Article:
Carlists had just surprised that place, and were searching for an English spy, whom they supposed to be at the inn. The officer commanding the soldiers upon hearing this, not deeming his own situation a safe one, instantly drew off his men, falling back on a stronger party stationed in a fortified village near at hand. As for ourselves, we saddled our horses and continued our way in the dark. Had the Carlists succeeded in apprehending me, I should instantly have been shot, and my body cast on the rocks to feed the vultures and wolves. But "it was not so written," said Antonio, who, like many of his countrymen, was a fatalist. The next night we had another singular escape: we had arrived near the entrance of a horrible pass called "E1 puerto de la puente de las tablas," or the pass of the bridge of planks, which wound through a black and frightful mountain, on the farther side of which was the town of Oñas, where we meant to tarry for the night. The sun had set about a quarter of a hour. Suddenly a man, with his face covered with blood, rushed out of the pass. "Turn back, sir," he said, "in the name of God; there are murderers in that pass; they have just robbed me of my mule and all I possess, and I have hardly escaped with life from their hands." I scarcely know why, but I made him no answer and proceeded; indeed I was so weary and unwell that I cared not what became of me. We entered; the rocks rose perpendicularly, right and left, entirely intercepting the scanty twilight, so that the darkness of the grave, or rather the blackness of the valley of the shadow of death reigned around us, and we knew not where we went, but trusted to the instinct of the horses, who moved on with heads close to the ground. The only sound which we heard was the plash of a stream, which tumbled down the pass. I expected every moment to feel a knife at my throat, but "it was not so written." We threaded the pass without meeting a human being, and within three- quarters of an hour after the time we entered it, we found ourselves within the posada of the town of Oñas, which was filled with troops and armed peasants expecting an attack from the grand Carlist army, which was near at hand.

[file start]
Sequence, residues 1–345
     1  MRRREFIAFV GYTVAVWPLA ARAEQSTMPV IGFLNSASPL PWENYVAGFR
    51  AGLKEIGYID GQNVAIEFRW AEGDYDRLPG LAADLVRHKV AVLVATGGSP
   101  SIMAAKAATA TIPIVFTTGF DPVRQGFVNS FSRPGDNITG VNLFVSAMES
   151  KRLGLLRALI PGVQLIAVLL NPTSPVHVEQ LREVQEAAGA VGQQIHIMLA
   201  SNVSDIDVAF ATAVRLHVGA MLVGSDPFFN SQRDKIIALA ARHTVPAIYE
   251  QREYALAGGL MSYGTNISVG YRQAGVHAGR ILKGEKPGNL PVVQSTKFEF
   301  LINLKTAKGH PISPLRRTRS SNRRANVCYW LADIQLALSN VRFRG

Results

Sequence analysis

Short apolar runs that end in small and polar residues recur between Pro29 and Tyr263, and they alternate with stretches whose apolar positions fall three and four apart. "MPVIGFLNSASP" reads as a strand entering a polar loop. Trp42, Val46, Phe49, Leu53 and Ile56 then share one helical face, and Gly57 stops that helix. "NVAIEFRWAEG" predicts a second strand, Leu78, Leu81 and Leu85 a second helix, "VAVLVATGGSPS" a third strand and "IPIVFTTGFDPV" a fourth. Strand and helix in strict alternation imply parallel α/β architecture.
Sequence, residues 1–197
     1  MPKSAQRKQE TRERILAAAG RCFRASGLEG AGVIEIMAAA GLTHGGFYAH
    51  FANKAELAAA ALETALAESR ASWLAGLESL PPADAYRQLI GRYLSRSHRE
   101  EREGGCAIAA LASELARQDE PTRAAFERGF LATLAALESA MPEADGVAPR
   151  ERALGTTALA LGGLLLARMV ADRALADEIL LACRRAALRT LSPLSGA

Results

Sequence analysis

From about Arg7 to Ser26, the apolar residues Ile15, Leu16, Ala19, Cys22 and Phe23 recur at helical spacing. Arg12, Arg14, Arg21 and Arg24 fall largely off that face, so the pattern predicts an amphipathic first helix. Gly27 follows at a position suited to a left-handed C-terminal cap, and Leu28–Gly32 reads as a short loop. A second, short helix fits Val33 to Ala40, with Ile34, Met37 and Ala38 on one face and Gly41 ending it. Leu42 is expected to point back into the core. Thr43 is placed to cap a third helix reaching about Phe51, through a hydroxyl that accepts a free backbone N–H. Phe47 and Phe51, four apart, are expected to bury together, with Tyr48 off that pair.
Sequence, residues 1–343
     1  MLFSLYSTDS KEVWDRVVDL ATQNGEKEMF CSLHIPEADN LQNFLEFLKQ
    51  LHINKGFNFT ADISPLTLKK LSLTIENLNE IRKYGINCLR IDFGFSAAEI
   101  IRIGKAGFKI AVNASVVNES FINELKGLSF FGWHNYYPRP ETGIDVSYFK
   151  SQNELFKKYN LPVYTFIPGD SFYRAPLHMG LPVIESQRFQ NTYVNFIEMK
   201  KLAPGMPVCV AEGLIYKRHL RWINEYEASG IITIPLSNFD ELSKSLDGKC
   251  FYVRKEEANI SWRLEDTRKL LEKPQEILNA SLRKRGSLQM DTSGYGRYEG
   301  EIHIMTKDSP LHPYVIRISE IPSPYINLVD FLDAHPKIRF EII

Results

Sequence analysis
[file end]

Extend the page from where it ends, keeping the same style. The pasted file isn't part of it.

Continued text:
Well, we reached Burgos in safety; we reached Valladolid in safety; we passed the Guadarama in safety; and were at length safely housed in Madrid. People said we had been very lucky; Antonio said, "It was so written;" but I say, Glory be to the Lord for His mercies vouch-- safed to us.
State of Affairs at Madrid---The New Ministry--Pope of Rome--The Bookseller of Toledo--Sword-Blades--Houses of Toledo--The Forlorn Gipsy --Proceedings at Madrid--Another Servant.
DURING my journey in the northern provinces of Spain, which occupied a considerable portion of the year 1837, I had accomplished but a slight